The US is a large country. Just to “maintain” itself requires enormous money. But it is also a large bully. Except Pearl Harbour, the US has never been attacked by a foreign country. Never. On the contrary, the US has launched a number of overseas wars. For funding these wars, it needed money. Of all its wars, the two most recent and costliest ones have been against Afghanistan and Iraq. They have cost more than 2 trillion dollars. That is more than the entire GDP of India!
Such costs are funded by simply printing dollars. Literally. But, as I have written in a recent piece, when the currency is not backed by anything valuable, its real worth is not much more than the paper it is printed on. Any value over and above that is not real and therefore not permanent.
After the recent financial crises, the US dollars printing machines have worked overtime. Those extra dollars, besides weakening the US economy in the long run, have been used to speculate in the stock markets of some “emerging” economies. This, because those dollars were almost free. And any profit on their investments in countries like India, Turkey, Brazil was more than the cost of printing them. But the dollar printing business cannot go on forever.
Living on borrowed money
Today, as a result of its increased printing business, named Quantitative Easing (QE), the US has 3 trillion dollars more in circulation. If we add up the Chinese foreign reserves of 3 trillion; Bank of England, the European Central Bank and Bank of Japan’s combined QE of close to 2 trillion and the cash reserves of oil-producing nations of close to another 2 trillion then it is over 10 trillion dollars. This is a lot of money. And all this is managed by a handful of financial institutions, mostly and understandably Americans.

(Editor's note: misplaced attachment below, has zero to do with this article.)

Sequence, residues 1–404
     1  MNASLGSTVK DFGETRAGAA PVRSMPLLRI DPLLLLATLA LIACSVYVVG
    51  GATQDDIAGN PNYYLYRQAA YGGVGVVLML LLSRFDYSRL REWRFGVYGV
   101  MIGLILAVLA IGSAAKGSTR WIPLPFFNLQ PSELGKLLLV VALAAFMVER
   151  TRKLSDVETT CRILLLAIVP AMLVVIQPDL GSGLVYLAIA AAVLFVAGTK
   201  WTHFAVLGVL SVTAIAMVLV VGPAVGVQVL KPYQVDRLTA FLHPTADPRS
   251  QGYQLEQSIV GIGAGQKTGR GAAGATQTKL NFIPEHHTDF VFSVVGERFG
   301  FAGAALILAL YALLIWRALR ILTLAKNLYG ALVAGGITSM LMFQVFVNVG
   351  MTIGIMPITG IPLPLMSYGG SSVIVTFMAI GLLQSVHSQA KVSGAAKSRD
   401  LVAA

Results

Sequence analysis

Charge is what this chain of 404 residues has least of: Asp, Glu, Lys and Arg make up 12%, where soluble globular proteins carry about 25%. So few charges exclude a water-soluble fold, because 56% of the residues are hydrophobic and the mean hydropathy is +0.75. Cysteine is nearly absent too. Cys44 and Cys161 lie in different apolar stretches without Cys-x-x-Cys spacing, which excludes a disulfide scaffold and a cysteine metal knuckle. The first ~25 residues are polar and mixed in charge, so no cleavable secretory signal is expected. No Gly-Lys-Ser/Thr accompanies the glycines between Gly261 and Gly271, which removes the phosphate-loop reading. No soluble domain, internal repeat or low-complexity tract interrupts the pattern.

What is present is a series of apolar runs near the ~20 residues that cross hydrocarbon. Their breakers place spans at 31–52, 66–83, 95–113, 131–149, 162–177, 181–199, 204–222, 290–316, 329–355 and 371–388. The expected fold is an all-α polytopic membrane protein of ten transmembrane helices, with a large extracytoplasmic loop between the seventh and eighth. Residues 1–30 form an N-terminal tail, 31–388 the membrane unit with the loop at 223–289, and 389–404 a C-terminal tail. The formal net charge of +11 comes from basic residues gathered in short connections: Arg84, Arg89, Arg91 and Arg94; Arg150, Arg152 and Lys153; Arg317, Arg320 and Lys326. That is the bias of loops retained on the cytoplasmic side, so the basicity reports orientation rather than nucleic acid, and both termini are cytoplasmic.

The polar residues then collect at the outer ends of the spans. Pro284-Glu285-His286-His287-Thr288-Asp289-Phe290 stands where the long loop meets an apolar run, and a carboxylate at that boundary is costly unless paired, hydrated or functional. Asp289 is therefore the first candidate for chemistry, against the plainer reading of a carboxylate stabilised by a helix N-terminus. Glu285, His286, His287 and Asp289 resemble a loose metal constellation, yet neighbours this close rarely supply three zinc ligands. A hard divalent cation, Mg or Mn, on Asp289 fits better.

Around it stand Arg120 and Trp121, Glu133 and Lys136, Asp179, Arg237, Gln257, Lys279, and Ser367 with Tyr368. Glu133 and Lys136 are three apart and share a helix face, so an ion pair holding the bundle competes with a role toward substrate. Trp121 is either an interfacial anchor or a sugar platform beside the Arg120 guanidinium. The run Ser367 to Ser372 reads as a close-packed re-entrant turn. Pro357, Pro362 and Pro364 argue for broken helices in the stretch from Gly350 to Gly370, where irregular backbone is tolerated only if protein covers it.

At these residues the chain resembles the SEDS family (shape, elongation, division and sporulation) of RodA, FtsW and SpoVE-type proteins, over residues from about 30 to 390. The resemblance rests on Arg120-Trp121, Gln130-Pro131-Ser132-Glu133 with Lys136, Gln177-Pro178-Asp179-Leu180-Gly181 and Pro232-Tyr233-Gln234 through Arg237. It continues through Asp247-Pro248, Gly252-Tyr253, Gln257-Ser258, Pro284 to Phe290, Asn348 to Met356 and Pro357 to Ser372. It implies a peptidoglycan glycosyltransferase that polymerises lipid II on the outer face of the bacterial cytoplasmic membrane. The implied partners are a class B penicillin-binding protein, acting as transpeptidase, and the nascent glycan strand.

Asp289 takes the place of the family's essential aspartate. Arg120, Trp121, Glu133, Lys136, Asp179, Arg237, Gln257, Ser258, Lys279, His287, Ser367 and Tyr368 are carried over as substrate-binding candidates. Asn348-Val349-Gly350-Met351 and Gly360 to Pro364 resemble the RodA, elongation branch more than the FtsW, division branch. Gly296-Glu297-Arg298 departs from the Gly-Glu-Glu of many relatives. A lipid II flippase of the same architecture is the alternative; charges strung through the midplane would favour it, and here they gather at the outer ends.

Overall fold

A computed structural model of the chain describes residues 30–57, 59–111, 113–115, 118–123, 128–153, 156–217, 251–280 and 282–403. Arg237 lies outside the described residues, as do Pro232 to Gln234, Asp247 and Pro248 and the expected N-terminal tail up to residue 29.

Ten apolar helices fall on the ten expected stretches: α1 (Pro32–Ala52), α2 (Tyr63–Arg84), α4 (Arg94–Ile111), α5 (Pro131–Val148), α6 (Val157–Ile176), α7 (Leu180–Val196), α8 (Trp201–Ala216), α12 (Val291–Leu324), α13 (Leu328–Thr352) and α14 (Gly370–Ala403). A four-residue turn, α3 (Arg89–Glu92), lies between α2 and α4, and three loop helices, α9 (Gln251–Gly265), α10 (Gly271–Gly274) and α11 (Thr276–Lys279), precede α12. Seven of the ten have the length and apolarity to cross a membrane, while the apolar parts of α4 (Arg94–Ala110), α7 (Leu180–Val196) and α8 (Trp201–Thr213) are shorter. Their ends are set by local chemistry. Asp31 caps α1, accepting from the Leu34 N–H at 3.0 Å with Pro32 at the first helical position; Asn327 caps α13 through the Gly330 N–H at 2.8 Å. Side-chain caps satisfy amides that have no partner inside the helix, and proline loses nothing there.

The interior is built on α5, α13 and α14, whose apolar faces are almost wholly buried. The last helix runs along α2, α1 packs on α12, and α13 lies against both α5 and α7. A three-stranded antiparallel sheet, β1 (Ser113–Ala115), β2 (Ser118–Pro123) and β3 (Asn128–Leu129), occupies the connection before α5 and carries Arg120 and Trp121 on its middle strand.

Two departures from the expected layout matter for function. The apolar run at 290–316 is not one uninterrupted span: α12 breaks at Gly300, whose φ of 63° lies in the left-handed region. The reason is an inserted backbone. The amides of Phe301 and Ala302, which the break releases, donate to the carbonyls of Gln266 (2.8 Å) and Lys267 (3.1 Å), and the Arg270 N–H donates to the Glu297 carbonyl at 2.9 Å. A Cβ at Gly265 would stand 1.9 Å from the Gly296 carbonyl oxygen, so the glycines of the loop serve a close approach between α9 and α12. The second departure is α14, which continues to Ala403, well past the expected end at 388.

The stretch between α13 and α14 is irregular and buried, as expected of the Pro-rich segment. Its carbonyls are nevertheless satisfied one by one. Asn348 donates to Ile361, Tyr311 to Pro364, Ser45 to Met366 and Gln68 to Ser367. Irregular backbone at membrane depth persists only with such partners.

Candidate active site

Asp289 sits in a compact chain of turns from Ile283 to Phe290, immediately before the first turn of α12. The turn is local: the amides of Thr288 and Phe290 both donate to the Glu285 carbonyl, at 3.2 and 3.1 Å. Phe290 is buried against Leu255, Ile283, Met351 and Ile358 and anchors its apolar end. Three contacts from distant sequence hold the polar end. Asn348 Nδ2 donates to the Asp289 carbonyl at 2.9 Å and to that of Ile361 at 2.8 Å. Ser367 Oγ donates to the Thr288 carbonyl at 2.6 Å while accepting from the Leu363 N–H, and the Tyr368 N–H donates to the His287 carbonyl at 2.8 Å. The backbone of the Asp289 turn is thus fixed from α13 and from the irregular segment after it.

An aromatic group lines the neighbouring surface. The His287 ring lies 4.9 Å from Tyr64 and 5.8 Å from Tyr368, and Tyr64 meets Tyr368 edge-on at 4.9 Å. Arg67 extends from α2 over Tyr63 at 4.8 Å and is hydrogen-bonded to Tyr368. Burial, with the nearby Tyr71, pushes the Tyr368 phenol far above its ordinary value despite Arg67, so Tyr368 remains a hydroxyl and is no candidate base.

Ordinary citizens of either these countries or in any other part of the world do not derive any significant benefit of these QEs. In fact, these free flowing funds are causing both higher cost of living and uncertainty in the financial markets (including recent currency depreciations) wherever they are being deployed.
So where is the problem?Probably, human mind is finally beginning to realize that there is something fundamentally wrong in the global economic system. Too much debt and the currencies backed by nothing.